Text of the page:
Imágenes de página
PDF
ePub

* )

standing, are applied to God in the same sense as we apply them to ourselves. The word prescience, for instance, cannot be applied to God. With him, there is neither past nor future. Every thing being present to him in all the states of time, we ought not to say of him, that he foresees what will happen, but that he sees what does happen. He has left men the liberty of acting, and punishes or rewards them according to the use they make of this liberty. Weought not to say of God, that he foresees what such a man will do, but that he sees what he does. Thus when God spoke by the prophets, with respect to himself, he tells what happens; with respect to us, these prophets predict what will happen. word, God, by his eternity, is present at all times, as he is in all places by his immensity.

a

THE MARINER'S DREAM.

In slumbers of midnight, the sạilor-boy lay,

His hammock slung loose at the sport of the wind; But watch-worn and

weary,

bis cares flew away, And visions of happiness danc'd o'er his mind.

He dreamt of his house, of his dear native bowers,

And pleasure that waited on life's merry morn--While mem'ry stood sideways, half cover'd with

flowers,
And restor'd every rose, but secreted its thorn.

Then Fancy her magical pinions spread wide,

And bade the young dreamer in ecstasy rise : Now far, far behind him the green waters glide,

And the cot of his forefathers blesses his eyes.

The jessamine clambers in flower o'er the thatch,

And the swallow sings sweet from lier nest in the

wall;

All trembling with transport, he raises the latch,

And the voices of lov’d ones reply to his call.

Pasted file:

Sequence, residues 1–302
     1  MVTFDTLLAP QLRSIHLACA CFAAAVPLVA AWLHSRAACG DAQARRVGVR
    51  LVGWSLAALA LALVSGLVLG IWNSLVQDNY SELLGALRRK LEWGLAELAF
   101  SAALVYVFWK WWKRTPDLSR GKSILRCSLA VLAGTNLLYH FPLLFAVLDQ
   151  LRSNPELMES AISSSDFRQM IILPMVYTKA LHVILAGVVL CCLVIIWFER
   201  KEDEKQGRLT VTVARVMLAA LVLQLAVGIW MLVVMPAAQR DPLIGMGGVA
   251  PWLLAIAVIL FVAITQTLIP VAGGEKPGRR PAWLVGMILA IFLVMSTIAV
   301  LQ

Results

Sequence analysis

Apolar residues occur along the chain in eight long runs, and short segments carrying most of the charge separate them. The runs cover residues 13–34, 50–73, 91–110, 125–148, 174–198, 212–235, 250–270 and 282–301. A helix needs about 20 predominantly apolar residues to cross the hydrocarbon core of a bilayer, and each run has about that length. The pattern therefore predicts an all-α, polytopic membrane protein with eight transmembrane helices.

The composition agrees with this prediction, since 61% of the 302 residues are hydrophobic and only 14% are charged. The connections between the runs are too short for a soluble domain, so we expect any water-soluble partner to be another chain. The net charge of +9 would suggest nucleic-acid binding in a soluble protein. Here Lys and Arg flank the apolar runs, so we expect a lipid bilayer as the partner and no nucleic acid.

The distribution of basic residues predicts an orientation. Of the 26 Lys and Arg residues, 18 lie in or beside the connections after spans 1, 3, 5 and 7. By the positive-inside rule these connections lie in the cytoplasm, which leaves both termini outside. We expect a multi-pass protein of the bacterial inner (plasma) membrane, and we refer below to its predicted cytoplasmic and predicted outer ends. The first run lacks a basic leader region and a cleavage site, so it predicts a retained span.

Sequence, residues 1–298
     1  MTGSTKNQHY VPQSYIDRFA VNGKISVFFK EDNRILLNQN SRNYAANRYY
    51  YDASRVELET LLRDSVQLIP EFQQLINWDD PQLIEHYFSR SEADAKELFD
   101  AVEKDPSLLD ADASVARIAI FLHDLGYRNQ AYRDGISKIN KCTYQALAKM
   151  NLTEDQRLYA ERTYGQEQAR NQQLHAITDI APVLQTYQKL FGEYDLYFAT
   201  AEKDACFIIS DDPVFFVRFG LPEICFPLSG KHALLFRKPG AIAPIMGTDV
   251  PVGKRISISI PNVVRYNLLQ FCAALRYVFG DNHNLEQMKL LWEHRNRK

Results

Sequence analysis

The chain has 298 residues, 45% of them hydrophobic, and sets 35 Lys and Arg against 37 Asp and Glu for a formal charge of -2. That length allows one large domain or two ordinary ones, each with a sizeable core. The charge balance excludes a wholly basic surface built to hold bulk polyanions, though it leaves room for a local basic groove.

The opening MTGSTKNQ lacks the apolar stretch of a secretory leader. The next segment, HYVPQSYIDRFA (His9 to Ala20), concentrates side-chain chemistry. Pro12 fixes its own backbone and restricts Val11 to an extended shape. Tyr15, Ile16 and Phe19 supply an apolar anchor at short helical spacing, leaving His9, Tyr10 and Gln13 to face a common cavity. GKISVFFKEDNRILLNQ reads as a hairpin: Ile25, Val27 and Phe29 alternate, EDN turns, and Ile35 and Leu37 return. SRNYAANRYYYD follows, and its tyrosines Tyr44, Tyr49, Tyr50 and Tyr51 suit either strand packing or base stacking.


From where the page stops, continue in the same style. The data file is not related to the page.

A father bends o'er him with looks of delight:

His cheek is empearld with a mother's warm tear; And the lips of the boy in a love-kiss unite

[dear. With the lips of the maid whom his bosom holds

The heart of the sleeper beats high in his breast,

Joy quickens his pulse---all his hardships seem o'er, And a murmur of happiness steals through his rest--

o Oh God! thou hast bless'd me, I ask for no more."

Ah! whence is that'flame which now bursts on his

eye? Ah! what is that sound which now larums his ear? 'Tis the lightning's red glare, painting hell on the sky! 'Tis the crashing of thunders, the groan of the

sphere!

He springs from his hammock---he flies to the deck ;-

Amazement confronts him with images dire--Wild winds and mad waves drive the vessel a wreck--

The masts fly in splinters.--the shrouds are on fire ! Like mountains the billows tremendously swell--

In vain the lost wretch calls on mercy to save; Unseen hands of spirits are ringing his knell, (wave!

And the death-angel flaps his broad wings o'er the

Oh sailor boy! woe to thy dream of delight!

In darkness dissolves the gay frost-work of bliss--Where now is the picture that fancy touch'd bright,

Thy parents' fond pressure, and love's honey'd kiss?

Oh sailor boy! sailor boy! 'never again

Shall home, love, or kindred, thy wishes repay; Unbless'd and unhonour'd, down deep in the main

Full many a score fathom, thy frame shall decay.

No tomb shall e'er plead to remembrance for thee, Or redeem form or fame from the merciless surge--

[be, But the white foam of waves shall thy winding sheet

And winds, in the midnight of winter, thy dirge!

On beds of green sea-flower thy limbs shall be laid,